Chevrolet Volt Unveiled, As GM Turns 100

By · September 16, 2008

The Chevrolet Volt is undoubtedly the most popular car in the world that doesn’t yet exist. From the January 2007 unveiling of the concept through last week’s “leaked” photos of the production version, it routinely draws huge traffic and passionate comments to any website.

So we felt we had to comment on this morning’s official unveiling of the production Volt. At 8:30 am Eastern time, General Motors kicked off its 100th birthday celebration with a live global webcast on its dedicated anniversary website, GMnext.com (you can watch the video there).

It’s not that the Volt isn’t important. Its mission is nothing less than to “lead the reinvention of the automobile,” to quote GM’s chairman & CEO Rick Wagoner. It must rescue GM’s battered image among North American buyers, and leapfrog Toyota’s 10-year lead in hybrid production. That lead cost Toyota countless billions to earn—billions that GM doesn’t have right now.

Assuming the Volt goes on sale in November 2010—lately GM has spent much less time qualifying that goal with, “If the batteries are ready”—it will be the world’s first production series hybrid. GM calls it an extended-range electric vehicle, or E-REV. That means it will run up to 40 miles on electricity from a 400-pound, 16-kWh lithium ion battery pack that powers a 150-hp electric motor driving the front wheels. Two-thirds of Americans drive less than 40 miles a day, so if they plug in the car to recharge it every night, they may never use any gasoline. GM quotes a cost of just 80 cents for that 40-mile recharge.

But 40 miles isn’t enough to make a car practical, so the Volt also carries a 1.4-liter flex-fuel engine. Crucially, that engine doesn’t drive the wheels—it only kicks in to power a generator that recharges the battery enough to give the car another 300 miles of range. That range comes from an 8-gallon gas tank, mind you, so when the engine is running, the car gets close to 40 miles per gallon—showing just how efficient electric cars are.

Back to the GM Hoopla

The first mention of the Volt came 25 minutes into the show, which included live feeds from around the world—Germany, Canada, Mexico, Australia, Korea, China, India, Dubai, South Africa, and Brazil.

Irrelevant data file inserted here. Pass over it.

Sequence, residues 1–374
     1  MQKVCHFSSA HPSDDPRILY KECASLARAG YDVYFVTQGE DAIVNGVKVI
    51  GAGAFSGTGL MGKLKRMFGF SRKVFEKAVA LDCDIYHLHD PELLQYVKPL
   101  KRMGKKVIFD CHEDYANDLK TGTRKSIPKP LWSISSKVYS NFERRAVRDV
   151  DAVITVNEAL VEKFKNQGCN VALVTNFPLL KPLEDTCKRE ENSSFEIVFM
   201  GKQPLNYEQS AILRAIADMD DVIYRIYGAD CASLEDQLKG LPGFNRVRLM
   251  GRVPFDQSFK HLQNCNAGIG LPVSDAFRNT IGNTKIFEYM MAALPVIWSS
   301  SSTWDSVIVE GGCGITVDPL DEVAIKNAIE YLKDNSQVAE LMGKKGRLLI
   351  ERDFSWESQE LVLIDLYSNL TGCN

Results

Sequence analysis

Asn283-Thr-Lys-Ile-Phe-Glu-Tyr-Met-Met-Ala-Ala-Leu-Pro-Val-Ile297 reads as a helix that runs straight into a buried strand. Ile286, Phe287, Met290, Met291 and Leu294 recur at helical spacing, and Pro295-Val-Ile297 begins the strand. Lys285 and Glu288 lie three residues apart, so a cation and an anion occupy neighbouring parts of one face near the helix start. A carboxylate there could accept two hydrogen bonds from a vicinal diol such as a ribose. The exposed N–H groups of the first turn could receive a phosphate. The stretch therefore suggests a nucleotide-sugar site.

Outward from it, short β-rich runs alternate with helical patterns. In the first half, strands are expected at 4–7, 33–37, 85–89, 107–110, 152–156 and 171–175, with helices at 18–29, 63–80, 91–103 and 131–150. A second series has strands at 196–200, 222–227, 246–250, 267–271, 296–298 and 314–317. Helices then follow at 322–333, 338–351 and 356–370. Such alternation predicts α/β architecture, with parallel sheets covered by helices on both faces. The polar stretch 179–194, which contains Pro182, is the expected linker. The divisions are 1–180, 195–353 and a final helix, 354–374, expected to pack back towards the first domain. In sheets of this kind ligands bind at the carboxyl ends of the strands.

GM product czar Bob Lutz called design and styling the “one big differentiator left” as every brand improves quality, offers good handling, excellent packaging, and so forth. He talked about bringing designers into the process at the earliest stages to help conceive cars, rather than just asking them to “skin” products that had already been engineered. But he acknowledged that the Volt design team’s assignment was a little different, requiring above all “superb aerodynamics to ensure efficiency.”

The Volt itself didn’t make its appearance until the very end of the hour-long event. It was the finale to a wide-ranging presentation that hammed home GM’s message: It’s a global company with designers and engineers around the world. Before revealing the car, CEO Wagoner called this “the most exciting time in GM’s history,” saying the Volt “symbolizes GM’s commitment to the future.”

The actual unveiling seemed almost anti-climactic. A curtain pulled back, Bob Lutz slowly drove the car out onto a turntable, the crowd applauded—and that was it.

So now we know what it looks like without executives standing in front of it. We have 26 months left until cars appear at Chevrolet dealers—we hope—but if there’s one certainty, it’s that you’ll see way, way more Volt publicity between now and then. Stay tuned.

New to EVs? Start here

  1. Seven Things To Know About Buying a Plug-In Car
    A few simple tips before you visit the dealership.
  2. Incentives for Plug-in Hybrids and Electric Cars
    Take advantage of credits and rebates to reduce EV costs.
  3. Buying Your First Home EV Charger
    You'll want a home charger. Here's how to buy the right one.